For loans closed since July 1999, lenders are obligated (by federal law) to automatically cancel Private Mortgage Insurance (PMI) when the loan balance gets lower than 78 percent of the purchase amount � but not when the borrower earns 22 percent equity. (There are exceptions -like a number of "high risk' loans.) But if your equity reaches 20% (regardless of the original price of purchase), you have the right to cancel PMI (for a mortgage closed after July 1999).
Keep a running total of each principal payment. You'll want to keep track of the the purchase amounts of the houses that sell around you. Unfortunately, if yours is a recent mortgage loan - five years or fewer, you likely haven't been able to pay much of the principal: you have been paying mostly interest.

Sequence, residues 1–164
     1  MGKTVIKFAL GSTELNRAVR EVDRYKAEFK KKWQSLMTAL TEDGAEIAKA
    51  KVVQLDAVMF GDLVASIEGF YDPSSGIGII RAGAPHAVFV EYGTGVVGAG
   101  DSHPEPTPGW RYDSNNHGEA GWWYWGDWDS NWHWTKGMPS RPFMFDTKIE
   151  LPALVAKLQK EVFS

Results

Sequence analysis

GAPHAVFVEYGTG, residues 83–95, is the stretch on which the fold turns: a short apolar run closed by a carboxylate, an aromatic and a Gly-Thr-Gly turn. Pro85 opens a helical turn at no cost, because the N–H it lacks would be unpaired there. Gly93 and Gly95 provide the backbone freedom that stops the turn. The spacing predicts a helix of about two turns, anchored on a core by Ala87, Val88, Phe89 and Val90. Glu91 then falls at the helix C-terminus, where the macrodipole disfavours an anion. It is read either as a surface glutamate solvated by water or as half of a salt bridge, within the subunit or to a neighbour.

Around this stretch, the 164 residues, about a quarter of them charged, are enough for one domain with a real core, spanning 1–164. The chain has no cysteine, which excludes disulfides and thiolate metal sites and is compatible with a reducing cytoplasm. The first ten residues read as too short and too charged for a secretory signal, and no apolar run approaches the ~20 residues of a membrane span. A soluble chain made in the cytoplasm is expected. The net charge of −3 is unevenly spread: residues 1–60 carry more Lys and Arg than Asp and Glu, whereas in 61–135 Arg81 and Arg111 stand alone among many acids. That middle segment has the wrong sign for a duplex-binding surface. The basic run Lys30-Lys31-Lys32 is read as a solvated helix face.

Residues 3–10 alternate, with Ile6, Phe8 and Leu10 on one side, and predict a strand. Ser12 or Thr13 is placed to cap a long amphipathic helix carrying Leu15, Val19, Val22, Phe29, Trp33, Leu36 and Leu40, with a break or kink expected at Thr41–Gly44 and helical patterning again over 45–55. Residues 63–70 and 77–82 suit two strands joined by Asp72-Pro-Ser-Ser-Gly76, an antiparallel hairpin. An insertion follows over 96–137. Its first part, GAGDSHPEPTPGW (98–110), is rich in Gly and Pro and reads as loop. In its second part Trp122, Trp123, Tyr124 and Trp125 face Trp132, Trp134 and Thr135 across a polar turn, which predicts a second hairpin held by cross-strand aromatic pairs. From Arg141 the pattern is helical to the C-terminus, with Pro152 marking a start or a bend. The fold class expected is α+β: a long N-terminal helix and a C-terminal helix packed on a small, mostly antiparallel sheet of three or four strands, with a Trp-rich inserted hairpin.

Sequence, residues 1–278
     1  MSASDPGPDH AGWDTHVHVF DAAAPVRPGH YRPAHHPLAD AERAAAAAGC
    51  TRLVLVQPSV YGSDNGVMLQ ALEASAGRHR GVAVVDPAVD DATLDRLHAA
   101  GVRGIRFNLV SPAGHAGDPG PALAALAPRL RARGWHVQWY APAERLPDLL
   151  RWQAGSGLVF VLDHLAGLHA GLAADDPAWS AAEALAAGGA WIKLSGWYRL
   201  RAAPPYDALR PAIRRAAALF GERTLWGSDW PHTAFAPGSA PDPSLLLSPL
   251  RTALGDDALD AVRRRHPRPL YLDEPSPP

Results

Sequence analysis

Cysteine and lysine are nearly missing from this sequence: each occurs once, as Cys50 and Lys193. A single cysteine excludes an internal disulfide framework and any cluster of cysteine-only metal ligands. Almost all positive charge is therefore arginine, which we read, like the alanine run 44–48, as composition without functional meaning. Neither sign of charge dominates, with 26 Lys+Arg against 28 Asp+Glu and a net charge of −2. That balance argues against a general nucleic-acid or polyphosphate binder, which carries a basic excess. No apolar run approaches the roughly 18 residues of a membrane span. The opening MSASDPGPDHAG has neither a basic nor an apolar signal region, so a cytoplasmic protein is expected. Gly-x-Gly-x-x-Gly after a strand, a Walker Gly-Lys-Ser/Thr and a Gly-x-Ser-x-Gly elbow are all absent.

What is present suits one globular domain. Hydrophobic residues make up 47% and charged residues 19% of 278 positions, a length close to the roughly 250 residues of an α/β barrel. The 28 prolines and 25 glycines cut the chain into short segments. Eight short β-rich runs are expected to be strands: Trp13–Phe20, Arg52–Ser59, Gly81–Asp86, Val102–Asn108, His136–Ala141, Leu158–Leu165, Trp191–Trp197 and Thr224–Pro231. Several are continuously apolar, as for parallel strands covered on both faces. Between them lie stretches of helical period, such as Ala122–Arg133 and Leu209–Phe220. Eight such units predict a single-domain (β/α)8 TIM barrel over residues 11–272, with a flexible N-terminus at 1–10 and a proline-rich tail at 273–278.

At the point your equity has risen to the required twenty percent, you are close to getting rid of your PMI payments, for the life of your loan. You will need to notify your mortgage lender that you want to cancel PMI. Lending institutions request proof of eligibility at this point. Most lenders ask for a state certified appraisal documented on the form: URAR-1004 (Uniform Residential Appraisal Report) to determine your home's equity and eligibility for PMI cancellation.
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